In Rome, we had no strictly defined word for homosexual. It was understood that gay relations amongst men would occur, of course, and we did have rules that regulated the behaviour such as that it was acceptable to be the passive partner only until one came of age, became a man, usually determined by the coming of age ceremonies or when facial hair began to sprout. Indeed, it was thought by many that being the passive partner to another older man was one of the ways in which a boy could learn how to be a man, but then there are others who dismiss this as a lingering perversion of the decadent Greeks.
But I digress.
From the time maturity onward, it was only acceptable for a man to take part in same sex relations as long as he was the active partner because that was the “masculine” role and Roman males were very much shaped and regulated by “masculine” and “feminine” behaviour. A Roman man was to display no hint of “femininity” in his activities. The sole act of copulating with another man was not considered “feminine” because active sex with a woman was “masculine,” so it was not the sex of partners that mattered, but the role one played in the act itself.
Let us be honest with history. We cannot excuse the social and political criminalisation of sexual preference based on what our religious forefathers (and foremothers) taught. The Bible says it’s a sin. Saint Augustine said it’s a sin. Saint Augustine was a guilty malcontent. Jerome was a self-loathing misogynist of the worst and most destructive, let us not forget greedy, sort. Martin Luther, who many say “liberated” women, really quite disliked the idea of women unless they were within the context of his spiritual understanding, in other words control. I’m certain there are a number of Luther writings floating about where the word “woman” or “women” was used in the same sentence as “devil.” Just as I am also certain that one of our religious forefathers likened the womb of Mary to a “dirty purse” holding the tinkling gold that is Christ the Saviour.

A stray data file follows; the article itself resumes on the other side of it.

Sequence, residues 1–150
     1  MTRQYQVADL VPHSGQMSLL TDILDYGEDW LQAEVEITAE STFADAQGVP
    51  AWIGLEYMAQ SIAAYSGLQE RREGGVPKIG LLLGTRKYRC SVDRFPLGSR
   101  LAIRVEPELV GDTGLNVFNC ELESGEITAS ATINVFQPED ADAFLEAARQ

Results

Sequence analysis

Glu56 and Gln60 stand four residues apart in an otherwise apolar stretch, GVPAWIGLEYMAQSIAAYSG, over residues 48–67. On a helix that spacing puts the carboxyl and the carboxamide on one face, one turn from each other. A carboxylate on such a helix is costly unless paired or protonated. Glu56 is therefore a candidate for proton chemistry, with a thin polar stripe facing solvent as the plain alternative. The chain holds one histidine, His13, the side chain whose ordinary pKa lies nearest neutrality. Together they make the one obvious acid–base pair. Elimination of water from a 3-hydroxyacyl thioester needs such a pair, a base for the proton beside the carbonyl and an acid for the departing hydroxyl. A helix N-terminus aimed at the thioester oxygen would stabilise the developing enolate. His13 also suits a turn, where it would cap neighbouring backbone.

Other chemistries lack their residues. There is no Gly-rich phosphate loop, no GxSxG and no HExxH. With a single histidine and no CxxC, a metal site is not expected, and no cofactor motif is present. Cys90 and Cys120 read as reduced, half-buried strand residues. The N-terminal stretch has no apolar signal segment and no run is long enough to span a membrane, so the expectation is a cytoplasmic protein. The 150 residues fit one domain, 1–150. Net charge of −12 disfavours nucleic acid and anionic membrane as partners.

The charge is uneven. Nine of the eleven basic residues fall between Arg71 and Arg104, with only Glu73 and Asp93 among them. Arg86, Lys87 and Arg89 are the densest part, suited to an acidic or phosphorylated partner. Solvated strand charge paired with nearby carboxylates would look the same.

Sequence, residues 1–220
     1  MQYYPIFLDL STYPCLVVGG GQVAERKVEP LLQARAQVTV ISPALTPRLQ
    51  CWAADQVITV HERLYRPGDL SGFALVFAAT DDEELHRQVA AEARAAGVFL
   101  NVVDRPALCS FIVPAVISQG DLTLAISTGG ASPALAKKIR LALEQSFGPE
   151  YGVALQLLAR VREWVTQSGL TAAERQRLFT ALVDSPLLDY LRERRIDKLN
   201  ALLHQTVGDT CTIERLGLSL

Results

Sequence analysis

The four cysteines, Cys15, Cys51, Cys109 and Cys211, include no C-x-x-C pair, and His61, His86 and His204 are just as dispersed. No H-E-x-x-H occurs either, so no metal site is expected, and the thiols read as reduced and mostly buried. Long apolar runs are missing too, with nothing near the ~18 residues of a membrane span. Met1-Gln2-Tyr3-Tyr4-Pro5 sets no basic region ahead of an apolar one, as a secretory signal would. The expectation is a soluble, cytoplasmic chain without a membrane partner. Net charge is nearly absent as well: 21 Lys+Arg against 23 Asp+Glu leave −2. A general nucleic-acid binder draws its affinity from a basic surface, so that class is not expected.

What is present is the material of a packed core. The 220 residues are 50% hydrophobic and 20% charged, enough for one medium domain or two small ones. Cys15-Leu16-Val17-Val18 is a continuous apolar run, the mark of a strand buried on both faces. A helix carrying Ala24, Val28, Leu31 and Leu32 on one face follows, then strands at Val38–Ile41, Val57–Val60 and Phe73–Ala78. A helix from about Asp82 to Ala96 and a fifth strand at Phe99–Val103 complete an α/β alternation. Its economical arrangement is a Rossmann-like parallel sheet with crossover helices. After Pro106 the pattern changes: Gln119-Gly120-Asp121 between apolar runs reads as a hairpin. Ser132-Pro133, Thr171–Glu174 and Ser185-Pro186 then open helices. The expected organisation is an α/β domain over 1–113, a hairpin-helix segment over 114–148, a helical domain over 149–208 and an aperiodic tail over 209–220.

Around the year 600 we are looking at a society of people whose ideas about the body pretty much favoured a very bizarre construct of even “heterosexual” marriage where the most spiritual form of marriage was the chaste marriage. Men and women would marry, but then go and live in separate convents and live chastely, praying to God and all of his auxiliary tendrils. Nurture the soul, not the body. Also, the food was terrible. There was nothing, absolutely nothing, about sex that Christianity liked. If indeed you cannot put your soul above your body, and you MUST fornicate with your marriage partner, do it but make sure you don’t enjoy it and be sure that your goal is to have an offspring. Did I mention don’t enjoy it? Definitely don’t.
So if we must use outdated religious reasons to excuse the differentiation of rights, let us not pick and choose.
I will step off of my podium now.
Near the end of the night I was handed something by a complete stranger who was passing out roses of rainbow colour along with simple compliments. I was a bit surprised when a cloth rose was shoved in my face, and too startled to say anything but “thank you” when he informed me that I had beautiful eyes. To my friend next to me, he said had great taste in hats, and to my other friend that he liked his shade of hair.
I am certain I will keep this rose until all of the colour fades from it and it crumbles into dust. Not because of the compliment, but because of the more sublime intent at the core of it: to remind someone that there is always something that they can be valued for.